Enabling: When Is Helping Hurting?

Many times when family and friends try to “help” alcoholics or addicts, they are actually making it easier for them to continue in the progression of the disease.

This baffling phenomenon is called “enabling” which takes many forms, all of which have the same effect-allowing the alcoholic to avoid the consequences of his/her actions. This in turn allows the alcoholic or addict to continue merrily along his/her drinking or using ways, secure in the knowledge that no matter how much he or she screws up, somebody will always be there to rescue him/her from his or her mistakes.

What is the difference between “helping” and “enabling”? There are many opinions and viewpoints on this, but here is a simple description: Helping is doing something for someone that they are not capable of doing themselves. Enabling is doing for someone things that they could, and should, be doing themselves.

Simply, enabling creates an atmosphere in which the alcoholic or addict can comfortably continue his/her unacceptable behavior.

Signs You Might Be An Enabler

The following are some simple questions to ask yourself to determine if you are being an enabler:

  1. Have you ever “called in sick” for the alcoholic or addict, lying about his or her symptoms?
  2. Have you accepted part of the blame for his/her drinking or behavior?
  3. Have you avoided talking about his or her drinking or using out of fear of the response?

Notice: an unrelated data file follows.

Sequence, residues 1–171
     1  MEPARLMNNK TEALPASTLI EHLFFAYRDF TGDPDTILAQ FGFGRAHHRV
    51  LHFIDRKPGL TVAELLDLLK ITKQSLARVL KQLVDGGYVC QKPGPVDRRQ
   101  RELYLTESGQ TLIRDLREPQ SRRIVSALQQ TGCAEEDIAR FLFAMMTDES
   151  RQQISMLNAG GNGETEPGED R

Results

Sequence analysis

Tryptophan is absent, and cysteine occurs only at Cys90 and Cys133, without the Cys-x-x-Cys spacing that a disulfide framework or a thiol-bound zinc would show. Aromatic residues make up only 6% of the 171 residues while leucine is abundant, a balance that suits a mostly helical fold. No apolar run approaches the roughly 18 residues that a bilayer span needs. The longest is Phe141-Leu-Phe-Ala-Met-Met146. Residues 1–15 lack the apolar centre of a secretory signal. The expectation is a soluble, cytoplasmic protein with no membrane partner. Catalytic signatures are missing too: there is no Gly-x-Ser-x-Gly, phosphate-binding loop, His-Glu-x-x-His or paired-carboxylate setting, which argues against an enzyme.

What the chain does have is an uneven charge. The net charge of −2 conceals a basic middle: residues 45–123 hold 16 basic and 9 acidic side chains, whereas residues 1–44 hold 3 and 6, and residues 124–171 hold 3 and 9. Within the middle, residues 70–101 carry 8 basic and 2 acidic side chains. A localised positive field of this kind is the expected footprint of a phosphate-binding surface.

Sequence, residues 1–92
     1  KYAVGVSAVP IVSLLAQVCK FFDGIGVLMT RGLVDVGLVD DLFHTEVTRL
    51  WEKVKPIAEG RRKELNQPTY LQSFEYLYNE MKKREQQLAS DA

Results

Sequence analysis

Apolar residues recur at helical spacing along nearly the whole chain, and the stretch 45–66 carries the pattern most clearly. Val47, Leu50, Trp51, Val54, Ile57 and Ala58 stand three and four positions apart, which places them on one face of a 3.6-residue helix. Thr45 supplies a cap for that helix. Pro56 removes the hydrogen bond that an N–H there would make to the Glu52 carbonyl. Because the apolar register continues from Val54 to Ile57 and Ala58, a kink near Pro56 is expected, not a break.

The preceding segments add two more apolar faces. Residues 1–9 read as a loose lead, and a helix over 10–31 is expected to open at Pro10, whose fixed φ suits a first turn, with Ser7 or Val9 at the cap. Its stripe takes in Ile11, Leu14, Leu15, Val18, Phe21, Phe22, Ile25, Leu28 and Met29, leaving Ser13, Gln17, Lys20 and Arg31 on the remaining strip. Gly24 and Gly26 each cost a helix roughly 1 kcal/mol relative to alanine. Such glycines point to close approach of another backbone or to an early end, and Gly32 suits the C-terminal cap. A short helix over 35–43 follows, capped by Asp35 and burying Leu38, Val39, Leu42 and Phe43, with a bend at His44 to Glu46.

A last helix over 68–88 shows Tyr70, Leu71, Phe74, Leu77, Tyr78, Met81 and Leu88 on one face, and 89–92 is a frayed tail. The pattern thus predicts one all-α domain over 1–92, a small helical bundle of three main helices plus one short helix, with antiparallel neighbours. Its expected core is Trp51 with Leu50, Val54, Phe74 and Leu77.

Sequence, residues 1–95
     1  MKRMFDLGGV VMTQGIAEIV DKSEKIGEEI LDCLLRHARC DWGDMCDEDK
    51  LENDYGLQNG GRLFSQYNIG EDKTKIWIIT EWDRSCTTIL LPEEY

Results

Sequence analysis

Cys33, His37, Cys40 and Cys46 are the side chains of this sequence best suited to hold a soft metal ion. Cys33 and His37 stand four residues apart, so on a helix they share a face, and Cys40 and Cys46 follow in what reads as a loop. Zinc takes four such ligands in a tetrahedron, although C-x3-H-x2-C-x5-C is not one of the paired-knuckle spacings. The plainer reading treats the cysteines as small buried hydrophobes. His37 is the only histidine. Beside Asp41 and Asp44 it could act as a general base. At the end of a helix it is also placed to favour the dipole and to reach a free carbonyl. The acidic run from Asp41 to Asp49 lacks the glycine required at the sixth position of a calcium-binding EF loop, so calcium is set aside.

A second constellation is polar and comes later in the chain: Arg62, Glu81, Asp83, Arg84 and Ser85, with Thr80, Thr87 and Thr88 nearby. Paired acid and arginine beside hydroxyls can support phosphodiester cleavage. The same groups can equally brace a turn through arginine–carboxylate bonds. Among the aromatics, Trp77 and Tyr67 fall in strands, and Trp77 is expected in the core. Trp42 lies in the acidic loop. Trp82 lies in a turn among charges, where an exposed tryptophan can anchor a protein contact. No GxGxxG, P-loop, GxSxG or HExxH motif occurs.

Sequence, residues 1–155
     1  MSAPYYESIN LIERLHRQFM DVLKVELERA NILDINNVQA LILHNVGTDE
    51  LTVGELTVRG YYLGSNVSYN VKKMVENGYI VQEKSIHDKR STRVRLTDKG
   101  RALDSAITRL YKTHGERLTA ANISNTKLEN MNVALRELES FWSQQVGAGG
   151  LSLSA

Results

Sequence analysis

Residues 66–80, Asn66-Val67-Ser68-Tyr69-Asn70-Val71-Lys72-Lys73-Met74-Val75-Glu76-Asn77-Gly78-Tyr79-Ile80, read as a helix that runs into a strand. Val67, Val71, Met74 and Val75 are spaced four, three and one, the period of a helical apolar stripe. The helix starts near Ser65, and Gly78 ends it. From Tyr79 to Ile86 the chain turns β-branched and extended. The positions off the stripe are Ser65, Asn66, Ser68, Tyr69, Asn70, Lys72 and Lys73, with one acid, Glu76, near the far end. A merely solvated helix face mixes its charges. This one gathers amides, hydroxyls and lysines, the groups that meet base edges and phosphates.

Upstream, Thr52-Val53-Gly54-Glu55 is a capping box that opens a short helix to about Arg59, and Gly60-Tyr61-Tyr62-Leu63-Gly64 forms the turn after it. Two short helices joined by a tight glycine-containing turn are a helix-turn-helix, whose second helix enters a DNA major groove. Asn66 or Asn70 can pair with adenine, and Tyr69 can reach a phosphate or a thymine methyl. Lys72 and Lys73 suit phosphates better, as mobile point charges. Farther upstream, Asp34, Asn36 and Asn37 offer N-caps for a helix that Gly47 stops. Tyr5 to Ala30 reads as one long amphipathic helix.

4. Have you bailed him or her out of jail or paid for legal fees?
  5. Have you paid bills that he or she was supposed to have paid?
  6. Have you loaned him or her money?
  7. Have you tried drinking or using with him/her in hopes of strengthening the relationship?
  8. Have you given him or her “one more chance” and then another and another?
  9. Have you threatened to leave and did not?
  10. Have you finished a job or project that the alcoholic/addict failed to complete?

If you answered 3 or more of these questions with “yes,” you have been enabling, not helping, the alcoholic/addict.

Tranquil Shores knows that substance abuse is a family disease. We understand the enabler and have the resources to counsel you and your loved one as you move from enabler to helper. Let Tranquil Shores help you help him or her break the cycle of enabling and set a path for the road to recovery. Get help today and Reclaim Your Life!